Balladeer’s Blog takes another look at an ancient Greek comedy. This time around I’m examining Cothurnus by Philonides, a comic poet who may also have acted and produced for the Athenian stage as well. It cannot be definitively determined if the “Philonides” referred to in those capacities are all one and the same or separate figures.
Like most ancient Greek comedies Cothurnus has survived only in fragmentary form and with very few fragments at that. The title refers to a type of footwear of the time period. A cothurnus could be worn on either the left foot or the right foot because of its softness and looseness. Because of this the word “cothurnus” also became a sarcastic term for a politician who tried to position themselves on both sides of an issue, claiming victory no matter which way the political winds blew.
This is certainly another element of Old Comedy that we can still relate to 2,400 years later. Philonides was specifically using this term and this comedy to target Theramenes. To give a comprehensive look at Theramenes’ political juggling act would take too much time, suffice it to say he would flip-flop not just on specific issues but would retroactively claim to have supported whichever side won, would change political affiliations again and again and even set up other public figures to take the fall for his own failures (like arranging for six generals to be blamed and executed for his own part in the Arginusae travesty).
Cothurnus satirized Theramenes’ convoluted political maneuvering in the recent temporary overthrow of the Athenian democracy, the subsequent overthrow of the oligarchs who had seized control of Athens and then the punishment of the conspirators who had participated in the coup. Though Theramenes had helped in the coup, he had a falling out with the coup leaders and helped overthrow THEM, yet came through all that – even the resulting political witch hunt for anyone suspected of oligarchic sympathies – with his skin intact.
Among the fragments are the the following jokes and remarks:
A reference to the way sleazy politicians will side with whoever feeds them better. (Today we would say “they know which side of their bread is buttered”.
Descriptions of politics as a career involving distracting the voters with what we would today call “showbiz razzle dazzle”.
A reference to the way in which politicians and the wealthy get the main meal while the voters only get to sniff the frying pan used to cook their feast.
A joke comparing Theramenes’ duplicity to a double-wicked lamp. (Today we might use a “have his cake and eat it too” type of remark.)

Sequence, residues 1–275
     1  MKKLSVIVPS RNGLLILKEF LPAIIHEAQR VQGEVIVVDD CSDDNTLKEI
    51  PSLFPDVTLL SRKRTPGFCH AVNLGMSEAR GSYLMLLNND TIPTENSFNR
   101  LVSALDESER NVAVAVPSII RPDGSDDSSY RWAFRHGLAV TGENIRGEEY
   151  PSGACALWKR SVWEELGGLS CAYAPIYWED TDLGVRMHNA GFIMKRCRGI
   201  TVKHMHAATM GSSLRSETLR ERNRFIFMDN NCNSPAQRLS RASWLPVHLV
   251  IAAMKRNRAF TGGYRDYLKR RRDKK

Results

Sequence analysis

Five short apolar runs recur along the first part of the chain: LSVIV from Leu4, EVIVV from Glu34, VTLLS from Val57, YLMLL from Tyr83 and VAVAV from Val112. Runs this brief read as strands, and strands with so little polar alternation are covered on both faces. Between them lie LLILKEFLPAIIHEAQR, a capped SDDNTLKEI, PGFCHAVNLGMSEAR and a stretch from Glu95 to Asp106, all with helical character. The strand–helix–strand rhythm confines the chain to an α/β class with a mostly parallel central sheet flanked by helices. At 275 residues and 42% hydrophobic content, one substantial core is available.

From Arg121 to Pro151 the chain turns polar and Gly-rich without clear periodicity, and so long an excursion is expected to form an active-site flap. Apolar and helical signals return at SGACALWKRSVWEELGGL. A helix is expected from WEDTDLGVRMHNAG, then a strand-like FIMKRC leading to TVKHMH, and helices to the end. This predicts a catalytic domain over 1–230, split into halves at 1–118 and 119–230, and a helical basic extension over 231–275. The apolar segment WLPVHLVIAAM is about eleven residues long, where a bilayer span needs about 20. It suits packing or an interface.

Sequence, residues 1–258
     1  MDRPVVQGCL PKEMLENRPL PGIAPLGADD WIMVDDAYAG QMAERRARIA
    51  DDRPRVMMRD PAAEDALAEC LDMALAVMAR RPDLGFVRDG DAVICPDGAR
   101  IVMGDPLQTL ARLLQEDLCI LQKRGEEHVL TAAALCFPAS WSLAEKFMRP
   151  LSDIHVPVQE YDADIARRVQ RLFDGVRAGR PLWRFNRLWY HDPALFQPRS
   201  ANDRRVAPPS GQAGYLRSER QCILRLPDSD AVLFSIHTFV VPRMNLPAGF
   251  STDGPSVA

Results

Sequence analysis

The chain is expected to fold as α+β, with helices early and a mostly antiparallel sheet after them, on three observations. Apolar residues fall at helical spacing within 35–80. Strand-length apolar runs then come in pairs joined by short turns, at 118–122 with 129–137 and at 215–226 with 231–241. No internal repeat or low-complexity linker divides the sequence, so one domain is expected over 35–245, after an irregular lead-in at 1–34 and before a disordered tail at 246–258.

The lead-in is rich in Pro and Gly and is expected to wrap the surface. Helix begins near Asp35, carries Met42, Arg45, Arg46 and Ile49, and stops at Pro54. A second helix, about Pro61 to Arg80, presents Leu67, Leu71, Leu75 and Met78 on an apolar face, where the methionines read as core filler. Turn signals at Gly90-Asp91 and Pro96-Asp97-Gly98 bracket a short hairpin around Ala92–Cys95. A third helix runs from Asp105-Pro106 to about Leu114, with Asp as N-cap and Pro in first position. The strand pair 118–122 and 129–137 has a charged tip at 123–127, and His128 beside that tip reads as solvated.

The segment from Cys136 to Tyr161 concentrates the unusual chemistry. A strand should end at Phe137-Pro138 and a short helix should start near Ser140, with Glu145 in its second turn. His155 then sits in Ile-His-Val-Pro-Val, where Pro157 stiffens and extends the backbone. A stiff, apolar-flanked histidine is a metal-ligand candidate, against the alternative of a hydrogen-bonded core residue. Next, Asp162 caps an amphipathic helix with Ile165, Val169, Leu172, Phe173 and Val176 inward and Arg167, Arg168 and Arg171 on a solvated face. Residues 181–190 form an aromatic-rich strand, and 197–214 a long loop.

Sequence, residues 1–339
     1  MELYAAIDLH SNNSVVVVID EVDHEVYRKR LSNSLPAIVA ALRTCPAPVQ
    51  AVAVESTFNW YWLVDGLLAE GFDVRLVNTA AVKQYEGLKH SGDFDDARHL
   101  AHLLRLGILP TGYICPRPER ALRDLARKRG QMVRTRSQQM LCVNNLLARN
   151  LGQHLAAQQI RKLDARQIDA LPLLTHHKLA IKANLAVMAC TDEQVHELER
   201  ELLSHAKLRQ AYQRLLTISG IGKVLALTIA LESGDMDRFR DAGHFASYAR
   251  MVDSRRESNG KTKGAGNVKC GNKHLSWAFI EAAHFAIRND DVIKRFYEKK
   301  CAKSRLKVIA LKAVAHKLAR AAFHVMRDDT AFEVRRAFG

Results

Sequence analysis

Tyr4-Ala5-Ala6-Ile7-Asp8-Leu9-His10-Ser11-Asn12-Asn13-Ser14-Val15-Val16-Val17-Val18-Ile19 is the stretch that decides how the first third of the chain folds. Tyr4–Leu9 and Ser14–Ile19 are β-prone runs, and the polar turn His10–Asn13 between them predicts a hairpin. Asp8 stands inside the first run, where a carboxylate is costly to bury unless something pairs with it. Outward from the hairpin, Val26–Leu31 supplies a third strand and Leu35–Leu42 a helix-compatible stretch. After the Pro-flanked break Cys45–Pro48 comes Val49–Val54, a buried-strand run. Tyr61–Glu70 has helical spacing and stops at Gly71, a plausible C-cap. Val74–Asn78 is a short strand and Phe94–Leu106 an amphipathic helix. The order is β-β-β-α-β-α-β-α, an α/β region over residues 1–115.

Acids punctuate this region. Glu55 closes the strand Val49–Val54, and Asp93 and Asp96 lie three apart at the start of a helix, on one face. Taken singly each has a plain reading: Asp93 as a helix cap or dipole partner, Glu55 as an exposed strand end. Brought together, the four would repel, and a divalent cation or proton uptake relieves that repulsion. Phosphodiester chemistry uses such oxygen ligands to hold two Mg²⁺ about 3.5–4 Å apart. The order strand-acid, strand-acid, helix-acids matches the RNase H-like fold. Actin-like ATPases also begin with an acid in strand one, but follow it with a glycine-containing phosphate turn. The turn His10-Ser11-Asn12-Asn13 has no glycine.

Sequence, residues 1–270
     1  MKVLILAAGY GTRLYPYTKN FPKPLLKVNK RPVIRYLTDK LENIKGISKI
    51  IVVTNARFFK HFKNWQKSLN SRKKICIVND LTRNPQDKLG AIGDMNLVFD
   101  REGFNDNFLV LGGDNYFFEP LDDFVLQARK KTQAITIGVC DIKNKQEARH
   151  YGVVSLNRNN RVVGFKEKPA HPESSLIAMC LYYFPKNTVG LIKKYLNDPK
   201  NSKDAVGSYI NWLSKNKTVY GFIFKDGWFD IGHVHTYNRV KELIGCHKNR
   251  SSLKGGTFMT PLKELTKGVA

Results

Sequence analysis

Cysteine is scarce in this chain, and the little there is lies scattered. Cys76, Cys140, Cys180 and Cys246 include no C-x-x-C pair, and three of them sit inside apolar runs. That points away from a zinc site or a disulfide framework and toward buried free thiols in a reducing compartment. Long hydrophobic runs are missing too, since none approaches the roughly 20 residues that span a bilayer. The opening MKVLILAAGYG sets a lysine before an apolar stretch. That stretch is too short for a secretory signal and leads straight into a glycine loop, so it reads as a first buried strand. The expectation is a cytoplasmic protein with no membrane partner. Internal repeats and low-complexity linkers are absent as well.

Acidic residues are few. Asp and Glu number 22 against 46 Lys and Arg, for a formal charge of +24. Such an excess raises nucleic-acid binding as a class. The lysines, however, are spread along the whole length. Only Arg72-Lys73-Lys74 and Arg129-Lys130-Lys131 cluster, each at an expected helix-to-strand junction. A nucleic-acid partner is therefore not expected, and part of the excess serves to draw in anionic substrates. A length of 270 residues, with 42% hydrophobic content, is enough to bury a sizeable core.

An unknown figure who says they have a score to settle with the Athenian people and threatens to make them pay.
A joke using “Theramenes” as a verb, the way Aristophanes’ comedy The Knights used the politician Cleon as a verb (“He out-Cleoned Cleon himself!”).
A line (possibly not from this particular comedy of Philonides) that says “The oaths of adulterers are written on ashes.”
A description of a politician as “loving villainy”.
For a modern-day example of politicians “Theramenes-ing” think of how then-Senator Barack Obama and then-Senator Joe Biden voted FOR the so-called “Defense of Marriage Act” (an anti-gay marriage item) and then-President Bill Clinton SIGNED the Defense of Marriage Act. Then, recently when the Supreme Court struck it down (an action I liked since I’ve supported gay marriage for years) all three of them hypocritically praised the Court for striking it down, all while acting like they had nothing to do with passing it into law in the first place.
If we had a vigorous Free Press some reporters would have asked them questions like “So are you saying you think the DOMA that you VOTED FOR and/or SIGNED INTO LAW was a repulsive and reprehensible piece of legislation?” Or even “So you’re GLAD the Supreme Court struck down something you voted for and/or signed into law?”
Unfortunately all news outlets in this country are just house organs for either the Democratic or Republican Parties, so Obama, Biden and Clinton got a mostly free pass on their role in DOMA.
FOR MORE ANCIENT GREEK COMEDIES CLICK HERE:https://glitternight.com/ancient-greek-comedies/
© Edward Wozniak and Balladeer’s Blog, 2014. Unauthorized use and/or duplication of this material without express and written permission from this blog’s author and/or owner is strictly prohibited. Excerpts and links may be used, provided that full and clear credit is given to Edward Wozniak and Balladeer’s Blog with appropriate and specific direction to the original content.